Cyclist of the Month: Lieutenant Colonel Anthony Bolante

"Bicycling gives me the freedom to get out, breathe fresh air, see beautiful sights and leave the stresses of multiple careers back in the garage at home."

Cyclist of the month: Lieutenant Colonel Anthony Bolante
Age: 45
Profession: Civilian job: Seattle-based photojournalist for Reuters and the Puget Sound Business Journal. Military job: Helicopter pilot and officer in the Washington Army National Guard.
Wheels: Specialized S-Works Tarmac SL and numerous Specialized Allez. While deployed overseas, he rides a free loaner Diamondback Sorrento mountain bike from the U.S. Army Morale Welfare Recreation office.

From the rainy city of Seattle to the endless sandy deserts of the Middle East, Lieutenant Colonel Anthony Bolante brings a whole new side to the term "adventure cyclist".

Splitting his high-paced life between a civilian career as photojournalist and serving his country as a helicopter pilot in the National Guard, bicycling may be one of the few constants in his life. Whether he is Seattle, in his hometown in Honolulu or in Kuwait, Anthony finds time to ride.

"Juggling a professional photojournalism career and being a National Guard officer/pilot has me on the go-go all of the time. It's basically managing two fulltime jobs," said Anthony. "Bicycling gives me the freedom to get out, breathe fresh air, see beautiful sights and leave the stresses of multiple careers back in the garage at home. I love bicycling because it can be both a solitude sport or a social one, and I do both whenever I can."

Currently deployed in Kuwait, Anthony chose a life of service early on.

"Service to country, community, family and friends was instilled in me by my family in Honolulu since I was a child," said Anthony. "While in high school, I was conflicted...I wanted to be both a photographer and a helicopter pilot."

He decided on attending a military university, where he was introduced to photojournalism.

"I was hooked from that point forward, having the desire to document and record history from behind a lens," said Anthony. "I was so enthralled with the opportunity to `be there' to record historic things and see historic people, I actually switched from focusing on an engineering degree to journalism."

His life has been high-paced and filled with adventure ever since, capturing history as a photojournalist and being part of history as a National Guard officer.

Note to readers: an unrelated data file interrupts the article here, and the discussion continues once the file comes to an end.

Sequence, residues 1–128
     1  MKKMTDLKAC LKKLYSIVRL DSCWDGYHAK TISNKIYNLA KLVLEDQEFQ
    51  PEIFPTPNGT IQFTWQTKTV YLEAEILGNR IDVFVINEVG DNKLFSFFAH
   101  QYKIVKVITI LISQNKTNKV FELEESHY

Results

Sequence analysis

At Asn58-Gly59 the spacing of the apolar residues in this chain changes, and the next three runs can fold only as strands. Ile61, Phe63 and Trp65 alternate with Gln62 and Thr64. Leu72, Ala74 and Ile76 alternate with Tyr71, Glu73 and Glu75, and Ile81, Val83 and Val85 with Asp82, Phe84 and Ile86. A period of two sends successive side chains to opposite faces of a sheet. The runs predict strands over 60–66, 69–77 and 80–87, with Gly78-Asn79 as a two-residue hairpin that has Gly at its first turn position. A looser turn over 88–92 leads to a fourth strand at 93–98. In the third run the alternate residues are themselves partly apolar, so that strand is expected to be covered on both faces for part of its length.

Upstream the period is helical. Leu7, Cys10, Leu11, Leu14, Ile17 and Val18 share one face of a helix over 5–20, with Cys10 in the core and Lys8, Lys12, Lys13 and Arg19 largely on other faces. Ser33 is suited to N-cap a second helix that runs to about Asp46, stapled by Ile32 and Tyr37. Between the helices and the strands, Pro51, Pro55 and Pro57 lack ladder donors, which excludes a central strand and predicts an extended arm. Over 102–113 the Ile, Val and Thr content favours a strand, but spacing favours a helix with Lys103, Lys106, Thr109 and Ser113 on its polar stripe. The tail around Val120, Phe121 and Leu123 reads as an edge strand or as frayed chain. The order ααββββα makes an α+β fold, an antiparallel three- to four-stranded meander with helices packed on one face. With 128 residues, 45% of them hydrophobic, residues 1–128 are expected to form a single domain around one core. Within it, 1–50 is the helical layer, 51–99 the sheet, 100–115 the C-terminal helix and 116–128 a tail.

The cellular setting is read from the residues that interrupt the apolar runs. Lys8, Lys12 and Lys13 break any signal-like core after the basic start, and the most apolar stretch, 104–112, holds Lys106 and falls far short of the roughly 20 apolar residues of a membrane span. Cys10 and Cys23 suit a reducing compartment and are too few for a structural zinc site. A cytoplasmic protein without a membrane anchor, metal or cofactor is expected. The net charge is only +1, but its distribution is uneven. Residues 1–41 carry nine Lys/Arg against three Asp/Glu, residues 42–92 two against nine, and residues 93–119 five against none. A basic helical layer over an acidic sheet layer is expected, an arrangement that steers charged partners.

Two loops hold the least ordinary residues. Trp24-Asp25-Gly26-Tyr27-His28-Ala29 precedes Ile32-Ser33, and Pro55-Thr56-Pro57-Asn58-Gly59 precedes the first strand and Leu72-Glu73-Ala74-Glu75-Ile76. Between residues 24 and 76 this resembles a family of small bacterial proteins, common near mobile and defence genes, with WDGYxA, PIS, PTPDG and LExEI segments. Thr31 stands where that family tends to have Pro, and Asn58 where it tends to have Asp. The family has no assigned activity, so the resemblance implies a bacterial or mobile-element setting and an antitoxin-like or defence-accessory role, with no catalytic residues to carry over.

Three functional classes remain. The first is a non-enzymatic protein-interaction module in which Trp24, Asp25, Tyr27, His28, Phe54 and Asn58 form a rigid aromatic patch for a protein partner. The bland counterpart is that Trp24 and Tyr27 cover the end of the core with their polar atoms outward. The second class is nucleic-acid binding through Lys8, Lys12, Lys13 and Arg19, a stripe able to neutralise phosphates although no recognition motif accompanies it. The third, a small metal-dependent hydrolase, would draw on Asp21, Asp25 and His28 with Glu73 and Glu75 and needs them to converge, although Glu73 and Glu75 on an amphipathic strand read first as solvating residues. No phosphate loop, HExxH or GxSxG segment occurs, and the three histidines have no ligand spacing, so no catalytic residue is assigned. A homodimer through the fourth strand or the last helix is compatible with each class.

As a helicopter pilot has fought forest fires, executed high altitude mountain rescues, coordinated rescue missions after Hurricane Katrina hit New Orleans, and completed two tours in Afghanistan.

"I juggle almost three individual identities that I always intertwine -- photojournalist, Army helicopter pilot and biker. The one common thing with all three of those things is adventure. I am grateful to be able to manage all of these life-dimensions," said Anthony.

Growing up in a "skateboard/surfer town," 'biker' didn't become part of his identity until later in life. 

"Moving to the biker-town Seattle in 1996 really cemented my life as a passionate roadie," said Anthony.

In Kuwait however, he has to make do with a loaner Diamondback Sorrento mountain bike from U.S. Army Morale Welfare Recreation office.

"There is a small fleet of loaner mountain bikes here on the Army base at Camp Arifjan, Kuwait, and of course, real bikers `fight' to get those bikes. I did!" said Anthony, who uses the bike for both commuting and recreation. "My 8x16-foot container connex pod I live in is about 1.5 miles from my "Office Tent," so the bike makes the commute 4 minutes long versus a 15-minute walk in 128F temperatures.".

Camp Arifjan also holds the occasional `desert triathlon relay' races around its seven-mile sandy perimeter loop.

"Riding on knobbies here is only going to make me a stronger roadie when I get home since these bikes are as heavy as tanks," said Anthony, who longs for his road bikes.

"I dream of riding on skinny tires around Seattle. I savor the thought of riding my Specialized S-Works Tarmac SL when work gets tough here. It's good for the mind to wander when surrounded by endless kilometers of sand here," he said. "While not perfect, the Pacific Northwest is still one of the greatest places on the planet to be a bike rider. Puget Sounders live in one of the most beautiful places on the planet."

Anthony will return from his deployment in the summer of 2014 and intends to ride STP and RSVP with his friends. In the meantime, you can follow Anthony's adventures on his website at